Home 2017 ‘Tickling funny bones’, for a hobby!

‘Tickling funny bones’, for a hobby!

written by Arun Inamdar May 19, 2017
‘Tickling funny bones’, for a hobby!

Not very long ago, during my visit to S. Africa, our guide-cum-cabbie surprised us all by a weird but practical gem of advice for protecting big cats. Said he: ‘If you ever want anything to be conserved, link it up to your food/livelihood. So, the best way for mankind to stop worrying about the survival of big cats is by starting to eat them, regularly!’ No need to say, I was simply floored by his logic! Of course, this can never be acceptable as a way of conservation! But when I started looking around, the stark reality of his argument was very much evident, in the shape of numerous life forms surviving around us all! Everything that is unconnected with our food/livelihood is slowly vanishing unlike the ones that are firmly tied to it! Interestingly, I also found this argument applicable to most of our likes, including those we continued with or didn’t, depending on how/if we were able to link them with our livelihood. I believe, same is true with our hobbies too! Not that our interests in them waned over the years, but those we have lost touch with, are mostly the ones we couldn’t connect with our lifestyles/livelihoods, for long! Not surprising then, out of that wide range of passions I nurtured during my younger days, cartooning survived longer, perhaps because, somewhere, it held a promise of connecting to many lives and even provide a livelihood support, if not an alternative!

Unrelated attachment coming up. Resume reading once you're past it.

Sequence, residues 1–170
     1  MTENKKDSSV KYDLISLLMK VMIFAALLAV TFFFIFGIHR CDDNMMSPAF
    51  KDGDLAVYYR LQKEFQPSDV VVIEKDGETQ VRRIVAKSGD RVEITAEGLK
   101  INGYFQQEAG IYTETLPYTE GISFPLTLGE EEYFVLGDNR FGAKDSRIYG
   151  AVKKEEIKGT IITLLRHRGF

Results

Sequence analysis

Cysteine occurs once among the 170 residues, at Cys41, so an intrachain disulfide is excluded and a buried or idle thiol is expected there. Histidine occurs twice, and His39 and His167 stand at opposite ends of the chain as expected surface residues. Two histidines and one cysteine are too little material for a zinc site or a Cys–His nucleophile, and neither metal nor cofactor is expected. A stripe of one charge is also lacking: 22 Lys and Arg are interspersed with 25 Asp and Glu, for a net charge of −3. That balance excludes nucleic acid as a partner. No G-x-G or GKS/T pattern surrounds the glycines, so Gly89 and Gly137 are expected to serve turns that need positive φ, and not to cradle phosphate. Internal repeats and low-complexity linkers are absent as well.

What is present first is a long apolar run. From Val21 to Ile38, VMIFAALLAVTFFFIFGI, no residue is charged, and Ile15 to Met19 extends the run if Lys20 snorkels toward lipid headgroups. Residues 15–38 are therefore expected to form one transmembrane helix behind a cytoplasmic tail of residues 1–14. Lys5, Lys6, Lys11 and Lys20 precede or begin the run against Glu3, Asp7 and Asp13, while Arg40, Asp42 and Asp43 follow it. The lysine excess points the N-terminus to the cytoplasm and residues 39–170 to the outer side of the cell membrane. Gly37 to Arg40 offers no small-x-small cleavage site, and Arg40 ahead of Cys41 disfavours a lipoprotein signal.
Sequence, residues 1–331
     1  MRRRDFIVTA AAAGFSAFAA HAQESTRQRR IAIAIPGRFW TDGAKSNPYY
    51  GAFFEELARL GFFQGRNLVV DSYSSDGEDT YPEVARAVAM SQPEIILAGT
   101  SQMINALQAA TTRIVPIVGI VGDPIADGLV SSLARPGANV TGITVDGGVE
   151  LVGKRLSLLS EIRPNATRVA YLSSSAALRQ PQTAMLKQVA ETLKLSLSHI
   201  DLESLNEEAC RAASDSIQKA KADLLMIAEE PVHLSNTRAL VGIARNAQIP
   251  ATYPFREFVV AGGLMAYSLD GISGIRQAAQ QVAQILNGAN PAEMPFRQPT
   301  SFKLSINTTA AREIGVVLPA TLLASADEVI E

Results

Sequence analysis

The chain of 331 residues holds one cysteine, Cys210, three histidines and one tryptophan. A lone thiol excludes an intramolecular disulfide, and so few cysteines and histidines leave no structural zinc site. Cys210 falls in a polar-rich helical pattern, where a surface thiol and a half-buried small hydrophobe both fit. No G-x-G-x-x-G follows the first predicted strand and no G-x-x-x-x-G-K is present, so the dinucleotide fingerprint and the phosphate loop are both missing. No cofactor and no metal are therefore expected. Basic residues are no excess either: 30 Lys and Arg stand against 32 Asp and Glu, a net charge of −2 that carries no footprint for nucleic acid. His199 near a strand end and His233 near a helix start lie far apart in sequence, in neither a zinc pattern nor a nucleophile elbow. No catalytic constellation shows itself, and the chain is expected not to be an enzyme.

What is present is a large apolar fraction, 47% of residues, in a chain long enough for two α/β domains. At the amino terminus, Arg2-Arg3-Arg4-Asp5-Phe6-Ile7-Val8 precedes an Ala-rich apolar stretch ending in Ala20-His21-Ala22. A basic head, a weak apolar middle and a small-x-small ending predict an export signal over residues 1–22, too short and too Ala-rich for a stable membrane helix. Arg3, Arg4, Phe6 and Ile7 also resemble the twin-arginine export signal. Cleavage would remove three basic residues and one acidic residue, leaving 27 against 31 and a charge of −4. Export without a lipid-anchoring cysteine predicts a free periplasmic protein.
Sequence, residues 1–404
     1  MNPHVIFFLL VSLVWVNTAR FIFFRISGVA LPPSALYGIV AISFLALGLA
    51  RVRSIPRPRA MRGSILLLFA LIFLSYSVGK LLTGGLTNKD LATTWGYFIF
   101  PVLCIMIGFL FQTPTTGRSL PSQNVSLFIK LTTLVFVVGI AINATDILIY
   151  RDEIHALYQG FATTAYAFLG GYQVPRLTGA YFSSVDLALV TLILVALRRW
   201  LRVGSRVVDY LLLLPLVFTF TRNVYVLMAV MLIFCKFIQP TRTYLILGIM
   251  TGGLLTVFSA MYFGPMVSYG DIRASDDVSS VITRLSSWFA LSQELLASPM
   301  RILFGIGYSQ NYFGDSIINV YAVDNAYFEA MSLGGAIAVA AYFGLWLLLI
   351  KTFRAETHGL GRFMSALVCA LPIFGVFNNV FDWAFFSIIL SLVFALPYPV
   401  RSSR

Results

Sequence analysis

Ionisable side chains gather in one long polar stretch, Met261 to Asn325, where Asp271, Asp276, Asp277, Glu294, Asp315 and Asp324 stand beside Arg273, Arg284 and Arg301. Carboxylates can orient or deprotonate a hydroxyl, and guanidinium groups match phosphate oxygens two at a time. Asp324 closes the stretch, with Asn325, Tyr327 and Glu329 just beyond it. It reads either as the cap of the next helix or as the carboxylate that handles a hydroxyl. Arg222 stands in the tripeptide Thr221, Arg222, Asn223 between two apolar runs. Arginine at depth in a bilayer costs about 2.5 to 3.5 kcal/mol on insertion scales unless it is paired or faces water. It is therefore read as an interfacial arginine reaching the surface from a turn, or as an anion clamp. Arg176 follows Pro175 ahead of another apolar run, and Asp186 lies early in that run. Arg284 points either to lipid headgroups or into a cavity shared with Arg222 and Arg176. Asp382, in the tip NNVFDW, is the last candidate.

Not surprising then, out of that wide range of passions I nurtured during my younger days, cartooning survived longer, perhaps because, somewhere, it held a promise of connecting to many lives and even provide a livelihood support, if not an alternative!